Republicans in Congress want to drive our nation’s economy, and budget, off a cliff. But it doesn’t have to be that way. Here in Illinois, we know there is a way out of this madness, if we stand together to put people and planet first.
The deals that deep pockets can snatch up right now on luxury private jets have never been sweeter. The reality of what that means — for the rest of us — could hardly be more bitter.
Somebody ought to write a self-help book for Republican politicians called, “How to Profit from the Coming Trump Apocalypse.” Although, come to think of it, they're doing pretty well with that already.
Scott Wagner and other Pennsylvania officials want to mainstream extremist views and make the commonwealth a vanguard in White Nationalism’s push to take over the GOP. It's a dangerous game, and a cautionary tale for the rest of the nation.
Weeks after Hurricane Maria, Puerto Ricans now face a humanitarian crisis from waterborne diseases and toxic runoff from Superfund sites. Why? Because like other victims, they don't have the "complexion for protection" by lawmakers.
Hurricane victims in Puerto Rico are getting sick from drinking polluted water. And Trump’s lone-wolf attack on health insurance markets will now make care unaffordable to millions of the working-class men and women he promised to protect.
When GOP leaders tried to repeal health care in the spring and summer, many Americans made a ruckus. We asked hard questions in town halls and in the streets. But the GOP hasn't given up the fight, and neither will we.
Two opposing forces are fighting to reshape Puerto Rico in the wake of Hurricane Maria. Wall Street, which has been plundering the island for years, and organized labor, which is working to rebuild the island - and its own ranks.
The Trump Administration defied the U.S. Chamber of Commerce in renegotiation of NAFTA. The Chamber whined about it, and a spokesperson for the Office of the U.S. Trade Representative basically told them to shut up.
Efforts to recast Education Secretary Betsy DeVos as marginalized or ineffectual are misleading. DeVos is quite pleased with the progress she’s making in her long game to change the nation's schools into a competitive marketplace.
The Republican tax plan is a lie. It’s being sold with the promise that the tax cut will create jobs and growth. In fact, the cuts, if passed, will become the major obstacle to the very investments vital to generating jobs and growth.
Trump and EPA chief Scott Pruitt think undoing all that has gone before them is something to celebrate. We must resist their efforts to undo the Clean Power Plan, and push for the radical steps we need to adapt to climate change and thrive.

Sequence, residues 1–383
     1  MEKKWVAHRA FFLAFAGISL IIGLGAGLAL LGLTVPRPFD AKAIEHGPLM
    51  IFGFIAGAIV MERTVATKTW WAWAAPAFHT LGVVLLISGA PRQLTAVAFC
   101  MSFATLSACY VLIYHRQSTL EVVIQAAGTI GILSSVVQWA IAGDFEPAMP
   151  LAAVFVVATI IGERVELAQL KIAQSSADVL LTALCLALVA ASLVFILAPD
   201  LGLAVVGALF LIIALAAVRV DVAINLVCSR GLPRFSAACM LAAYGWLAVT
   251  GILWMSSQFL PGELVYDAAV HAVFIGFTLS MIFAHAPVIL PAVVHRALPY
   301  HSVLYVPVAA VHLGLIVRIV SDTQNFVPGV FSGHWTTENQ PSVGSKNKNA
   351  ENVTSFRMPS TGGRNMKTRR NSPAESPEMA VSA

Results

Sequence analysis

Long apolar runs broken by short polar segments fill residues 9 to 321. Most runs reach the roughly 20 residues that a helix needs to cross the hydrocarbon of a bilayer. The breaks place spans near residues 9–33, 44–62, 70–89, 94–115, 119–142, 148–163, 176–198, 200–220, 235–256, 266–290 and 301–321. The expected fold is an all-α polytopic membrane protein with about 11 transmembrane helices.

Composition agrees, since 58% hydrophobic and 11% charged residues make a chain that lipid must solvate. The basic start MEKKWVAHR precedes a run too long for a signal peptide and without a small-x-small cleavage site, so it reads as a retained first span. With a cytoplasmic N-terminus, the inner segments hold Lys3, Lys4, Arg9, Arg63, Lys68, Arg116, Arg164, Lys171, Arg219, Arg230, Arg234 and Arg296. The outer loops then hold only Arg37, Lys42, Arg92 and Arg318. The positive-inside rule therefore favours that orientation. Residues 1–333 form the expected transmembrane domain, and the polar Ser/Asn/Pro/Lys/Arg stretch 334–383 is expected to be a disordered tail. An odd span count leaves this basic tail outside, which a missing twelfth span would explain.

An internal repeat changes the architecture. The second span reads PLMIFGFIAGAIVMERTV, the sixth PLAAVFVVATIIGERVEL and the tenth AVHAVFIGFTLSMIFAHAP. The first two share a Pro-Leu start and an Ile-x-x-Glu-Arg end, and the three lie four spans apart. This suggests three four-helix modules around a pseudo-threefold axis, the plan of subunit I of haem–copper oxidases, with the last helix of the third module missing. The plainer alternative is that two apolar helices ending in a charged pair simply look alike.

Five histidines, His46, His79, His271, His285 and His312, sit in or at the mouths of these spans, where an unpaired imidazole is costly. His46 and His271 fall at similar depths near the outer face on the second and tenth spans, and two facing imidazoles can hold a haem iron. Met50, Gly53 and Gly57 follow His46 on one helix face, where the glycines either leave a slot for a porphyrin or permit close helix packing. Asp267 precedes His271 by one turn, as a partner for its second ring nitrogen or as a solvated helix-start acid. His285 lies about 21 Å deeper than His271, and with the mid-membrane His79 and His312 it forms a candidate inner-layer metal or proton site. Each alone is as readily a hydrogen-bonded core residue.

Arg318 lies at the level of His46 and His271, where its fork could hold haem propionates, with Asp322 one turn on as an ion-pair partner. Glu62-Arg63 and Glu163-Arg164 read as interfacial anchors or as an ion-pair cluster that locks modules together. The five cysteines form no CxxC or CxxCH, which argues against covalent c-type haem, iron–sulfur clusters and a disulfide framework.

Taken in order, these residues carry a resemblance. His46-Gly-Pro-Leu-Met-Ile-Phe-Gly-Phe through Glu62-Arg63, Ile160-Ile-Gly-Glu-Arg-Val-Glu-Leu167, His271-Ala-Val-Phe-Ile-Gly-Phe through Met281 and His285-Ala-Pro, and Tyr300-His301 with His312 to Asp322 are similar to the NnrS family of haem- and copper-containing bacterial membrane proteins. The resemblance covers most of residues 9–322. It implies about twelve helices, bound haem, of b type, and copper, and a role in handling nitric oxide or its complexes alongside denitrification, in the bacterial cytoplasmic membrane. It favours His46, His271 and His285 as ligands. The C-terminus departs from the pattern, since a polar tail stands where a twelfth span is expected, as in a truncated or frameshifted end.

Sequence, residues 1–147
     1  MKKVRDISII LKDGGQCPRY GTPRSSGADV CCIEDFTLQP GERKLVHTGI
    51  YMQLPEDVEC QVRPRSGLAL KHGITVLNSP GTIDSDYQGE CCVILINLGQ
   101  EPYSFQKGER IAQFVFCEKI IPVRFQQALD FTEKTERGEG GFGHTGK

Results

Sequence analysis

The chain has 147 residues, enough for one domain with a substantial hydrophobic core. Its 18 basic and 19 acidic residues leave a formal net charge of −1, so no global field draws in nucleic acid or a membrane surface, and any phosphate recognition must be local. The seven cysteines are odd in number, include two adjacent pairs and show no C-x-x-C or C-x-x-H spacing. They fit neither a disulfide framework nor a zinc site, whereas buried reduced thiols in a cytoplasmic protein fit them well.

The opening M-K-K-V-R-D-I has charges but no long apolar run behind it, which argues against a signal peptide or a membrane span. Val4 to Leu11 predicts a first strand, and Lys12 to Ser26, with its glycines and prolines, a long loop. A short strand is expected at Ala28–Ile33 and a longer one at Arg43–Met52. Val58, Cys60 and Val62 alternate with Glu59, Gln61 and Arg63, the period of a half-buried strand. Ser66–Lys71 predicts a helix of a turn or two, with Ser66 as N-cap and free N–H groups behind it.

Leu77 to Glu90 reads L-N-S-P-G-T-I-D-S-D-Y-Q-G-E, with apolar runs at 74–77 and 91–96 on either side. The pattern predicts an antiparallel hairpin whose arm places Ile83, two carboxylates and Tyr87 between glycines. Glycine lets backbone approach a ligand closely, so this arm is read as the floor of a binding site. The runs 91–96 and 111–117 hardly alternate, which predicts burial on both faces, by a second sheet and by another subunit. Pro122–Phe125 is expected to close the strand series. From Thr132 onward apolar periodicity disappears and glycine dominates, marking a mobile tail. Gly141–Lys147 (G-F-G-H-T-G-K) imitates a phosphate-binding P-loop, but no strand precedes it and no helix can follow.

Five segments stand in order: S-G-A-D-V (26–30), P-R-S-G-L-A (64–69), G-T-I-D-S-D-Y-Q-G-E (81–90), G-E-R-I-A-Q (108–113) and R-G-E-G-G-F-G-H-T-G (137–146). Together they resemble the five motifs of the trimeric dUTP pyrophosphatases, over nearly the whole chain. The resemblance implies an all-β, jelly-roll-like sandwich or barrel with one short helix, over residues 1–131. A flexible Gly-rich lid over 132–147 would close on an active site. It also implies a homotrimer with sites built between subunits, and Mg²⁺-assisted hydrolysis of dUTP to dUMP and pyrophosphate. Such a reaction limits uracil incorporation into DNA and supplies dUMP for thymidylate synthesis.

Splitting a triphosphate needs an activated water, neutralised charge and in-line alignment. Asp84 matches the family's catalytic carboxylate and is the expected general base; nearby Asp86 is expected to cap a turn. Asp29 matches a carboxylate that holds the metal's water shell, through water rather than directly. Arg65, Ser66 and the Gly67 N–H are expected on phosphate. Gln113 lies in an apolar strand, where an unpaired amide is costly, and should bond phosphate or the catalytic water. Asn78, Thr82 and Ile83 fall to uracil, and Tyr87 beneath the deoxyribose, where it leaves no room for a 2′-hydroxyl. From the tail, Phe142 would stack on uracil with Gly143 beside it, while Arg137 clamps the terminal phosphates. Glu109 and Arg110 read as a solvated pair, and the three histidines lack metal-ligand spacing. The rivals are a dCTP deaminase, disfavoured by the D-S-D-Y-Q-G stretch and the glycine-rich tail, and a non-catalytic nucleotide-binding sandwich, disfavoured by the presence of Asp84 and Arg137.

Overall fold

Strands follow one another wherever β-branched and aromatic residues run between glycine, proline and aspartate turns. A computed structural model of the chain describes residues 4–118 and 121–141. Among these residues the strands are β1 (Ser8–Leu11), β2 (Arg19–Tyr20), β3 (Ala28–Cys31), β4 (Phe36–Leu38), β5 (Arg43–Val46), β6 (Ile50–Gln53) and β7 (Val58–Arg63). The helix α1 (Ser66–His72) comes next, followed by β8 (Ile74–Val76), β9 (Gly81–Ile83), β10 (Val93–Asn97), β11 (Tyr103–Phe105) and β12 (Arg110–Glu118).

The Consumer Financial Protection Bureau (CFPB) wants to curb abuses by payday lenders, but loan sharks are spending hard to undermine its new rules. We can act now to save the CFPB, and keep people out of the payday loan trap.
Insider centrism, the time-honored kind that unites leaders of both parties with their corporate funders, will always be a plaything of the elite. But centrism emerging from the true needs of voters could conceivably become a movement.
The U.S. Department of Education's new grants of over $250 million to charter school programs in states like New Mexico should prompt concern, given these schools' poor oversight and chronic disappointing academic performance.
The political project known as "centrism" is collapsing around the globe. But what about the "New Labour"/"New Democrat" phenomenon of the "center-left" that once seemed to offer so much hope? Can it survive? More importantly, should it?
Nine million children in this country are at the brink of losing health coverage. What do our lawmakers say about this? Not a damn word. Why? Because they care more about themselves than our children, and our country's future.
The GOP is not shy about enriching themselves at public expense in their budget and tax plans. But if they're not shy about looting public coffers, we won't be shy in opposing them, either.
Bernie Sanders has offered first steps towards a new foreign policy that upends the military-dominated definition of national security and elevates the threats posed by climate change. But the debate over how to achieve this has just begun.
The myth that Indians don't pay taxes is widespread and won't fade away. In fact, the Senate's push to restructure the federal tax system, destroying entitlement programs in the process, profoundly affects Indian Country.